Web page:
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ORIGINAL ARTICLE
Year : 2020  |  Volume : 34  |  Issue : 2  |  Page : 101-106

Management outcomes of canalicular laceration in children


1 Oculoplastics and Orbit Division, King Khaled Eye Specialist Hospital, Riyadh; Oculoplastics and Orbit Department, Dhahran Eye Specialist Hospital, Dhahran, Saudi Arabia
2 Department of Ophthalmology, Rio Hortega University Hospital, Valladolid, Spain
3 Oculoplastics and Orbit Division, King Khaled Eye Specialist Hospital, Riyadh, Saudi Arabia
4 Oculoplastics and Orbit Department, Dhahran Eye Specialist Hospital, Dhahran, Saudi Arabia
5 Oculoplastics and Orbit Division, King Khaled Eye Specialist Hospital, Riyadh, Saudi Arabia; Department of Ophthalmology Faculdade de Medicina de Botucatu – UNESP, São Paulo, Brazil

Correspondence Address:
Fatimah Alhammad
King Khalid Eye Specialist Hospital, P.O. Box: 7191, Riyadh 11462
Saudi Arabia
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Source of Support: None, Conflict of Interest: None


DOI: 10.4103/1319-4534.305041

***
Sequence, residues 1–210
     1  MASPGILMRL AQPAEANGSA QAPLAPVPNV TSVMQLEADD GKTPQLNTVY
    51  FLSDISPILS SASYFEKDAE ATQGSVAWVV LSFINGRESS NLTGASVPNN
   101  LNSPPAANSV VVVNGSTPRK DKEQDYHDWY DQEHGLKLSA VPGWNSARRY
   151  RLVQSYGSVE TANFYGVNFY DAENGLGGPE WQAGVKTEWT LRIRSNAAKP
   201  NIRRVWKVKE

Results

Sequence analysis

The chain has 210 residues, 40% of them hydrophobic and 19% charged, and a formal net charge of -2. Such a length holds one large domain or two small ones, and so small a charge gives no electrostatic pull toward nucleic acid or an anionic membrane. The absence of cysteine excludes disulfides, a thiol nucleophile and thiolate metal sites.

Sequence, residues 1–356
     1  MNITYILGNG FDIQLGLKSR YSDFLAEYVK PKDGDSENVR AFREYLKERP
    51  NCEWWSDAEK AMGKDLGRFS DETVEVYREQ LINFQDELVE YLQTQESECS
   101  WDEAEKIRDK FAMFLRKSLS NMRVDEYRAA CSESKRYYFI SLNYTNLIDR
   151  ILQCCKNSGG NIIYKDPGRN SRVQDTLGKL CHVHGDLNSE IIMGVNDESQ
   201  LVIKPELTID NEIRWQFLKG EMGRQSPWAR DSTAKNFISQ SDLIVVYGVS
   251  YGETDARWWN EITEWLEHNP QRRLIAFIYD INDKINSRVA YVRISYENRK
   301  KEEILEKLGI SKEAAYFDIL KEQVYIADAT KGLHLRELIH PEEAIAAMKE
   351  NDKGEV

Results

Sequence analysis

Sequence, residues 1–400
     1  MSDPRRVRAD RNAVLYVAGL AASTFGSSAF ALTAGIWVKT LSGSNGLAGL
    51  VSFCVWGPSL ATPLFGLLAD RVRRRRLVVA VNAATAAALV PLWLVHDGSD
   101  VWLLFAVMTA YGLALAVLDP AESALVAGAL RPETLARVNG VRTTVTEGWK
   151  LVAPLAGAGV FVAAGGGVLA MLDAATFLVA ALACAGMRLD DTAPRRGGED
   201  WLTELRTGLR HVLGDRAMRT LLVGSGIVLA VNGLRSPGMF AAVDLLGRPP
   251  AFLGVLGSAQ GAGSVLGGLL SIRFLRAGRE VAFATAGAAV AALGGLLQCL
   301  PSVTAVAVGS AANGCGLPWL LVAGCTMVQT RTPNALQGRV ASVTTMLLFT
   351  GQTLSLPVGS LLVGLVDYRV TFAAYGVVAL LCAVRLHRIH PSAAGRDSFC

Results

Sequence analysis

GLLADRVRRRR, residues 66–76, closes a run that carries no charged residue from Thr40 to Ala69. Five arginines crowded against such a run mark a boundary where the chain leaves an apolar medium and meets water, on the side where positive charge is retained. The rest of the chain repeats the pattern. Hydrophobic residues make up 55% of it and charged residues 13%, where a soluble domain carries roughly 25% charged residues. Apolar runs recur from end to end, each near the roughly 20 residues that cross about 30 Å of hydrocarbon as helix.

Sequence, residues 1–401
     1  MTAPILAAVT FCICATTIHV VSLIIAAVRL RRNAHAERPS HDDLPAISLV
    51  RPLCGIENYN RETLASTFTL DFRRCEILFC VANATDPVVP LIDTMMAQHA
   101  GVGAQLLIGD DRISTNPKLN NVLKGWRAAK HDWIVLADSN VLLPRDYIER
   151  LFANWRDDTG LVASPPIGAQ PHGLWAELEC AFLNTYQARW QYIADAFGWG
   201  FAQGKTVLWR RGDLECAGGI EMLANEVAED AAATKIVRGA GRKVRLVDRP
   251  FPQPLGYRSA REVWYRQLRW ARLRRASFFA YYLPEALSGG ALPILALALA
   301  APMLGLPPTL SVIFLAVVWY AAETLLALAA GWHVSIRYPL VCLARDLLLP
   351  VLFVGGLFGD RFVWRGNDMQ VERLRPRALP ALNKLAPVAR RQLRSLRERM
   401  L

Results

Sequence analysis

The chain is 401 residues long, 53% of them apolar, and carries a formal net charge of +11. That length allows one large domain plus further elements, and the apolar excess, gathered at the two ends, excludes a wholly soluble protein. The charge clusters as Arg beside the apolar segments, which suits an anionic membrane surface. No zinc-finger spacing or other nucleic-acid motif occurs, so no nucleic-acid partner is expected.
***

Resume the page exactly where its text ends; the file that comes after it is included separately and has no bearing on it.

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PURPOSE: To report the epidemiological data, clinical profile, management, and outcomes of canalicular lacerations in the pediatric age group in a tertiary eye care hospital in Saudi Arabia. METHODS: This retrospective study evaluated pediatric patients who underwent canalicular laceration repair in the last 15years at King Khalid Eye Specialist Hospital (KKESH), Saudi Arabia. Demographics, causes of injury, type of trauma, surgical approach, and outcomes were analyzed. The success of repair was defined as the absence of epiphora after canaliculus repair with negative dye disappearance test (DDT). Success within subgroups was compared. P<0.05 was considered statistically significant. RESULTS: The study sample was comprised of 43 patients, with a median age of 6.35years (range, 1.77–17.96years). Most of the patients were males (69.8%). Sharp objects were the most common cause of canalicular laceration (46.5%), being 9 (20.9 %) caused by a metallic clothing hanger. Lower canaliculus was involved in 65.1%, upper canaliculus in 32.6%, and both canaliculi in 2.3% of patients. Canaliculus repair was performed with a bicanalicular stent in 58.1 % and monocanalicular stent in 41.9 % of patients.The success rate and risk of complications using bicanalicular or monocanalicular stent did not differ (P=0.065). Functional success was achieved in 87.5% of patients. CONCLUSION: Canalicular laceration is common in male children, mainly affecting the lower canaliculus. There was no difference in success rate between monocanalicular and bicanalicular stent. As canalicular laceration could be related to social determinants, the main causes should be highlighted in community health education initiatives.


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